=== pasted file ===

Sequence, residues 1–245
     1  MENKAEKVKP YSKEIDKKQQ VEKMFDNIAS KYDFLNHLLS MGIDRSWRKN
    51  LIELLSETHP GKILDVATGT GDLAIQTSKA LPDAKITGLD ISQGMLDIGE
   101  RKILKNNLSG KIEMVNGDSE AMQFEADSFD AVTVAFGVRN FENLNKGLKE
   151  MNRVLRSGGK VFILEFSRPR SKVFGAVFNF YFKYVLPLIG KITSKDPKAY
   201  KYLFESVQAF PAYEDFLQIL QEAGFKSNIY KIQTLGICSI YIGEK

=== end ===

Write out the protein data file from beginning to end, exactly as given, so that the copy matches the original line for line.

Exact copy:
Sequence, residues 1–245
     1  MENKAEKVKP YSKEIDKKQQ VEKMFDNIAS KYDFLNHLLS MGIDRSWRKN
    51  LIELLSETHP GKILDVATGT GDLAIQTSKA LPDAKITGLD ISQGMLDIGE
   101  RKILKNNLSG KIEMVNGDSE AMQFEADSFD AVTVAFGVRN FENLNKGLKE
   151  MNRVLRSGGK VFILEFSRPR SKVFGAVFNF YFKYVLPLIG KITSKDPKAY
   201  KYLFESVQAF PAYEDFLQIL QEAGFKSNIY KIQTLGICSI YIGEK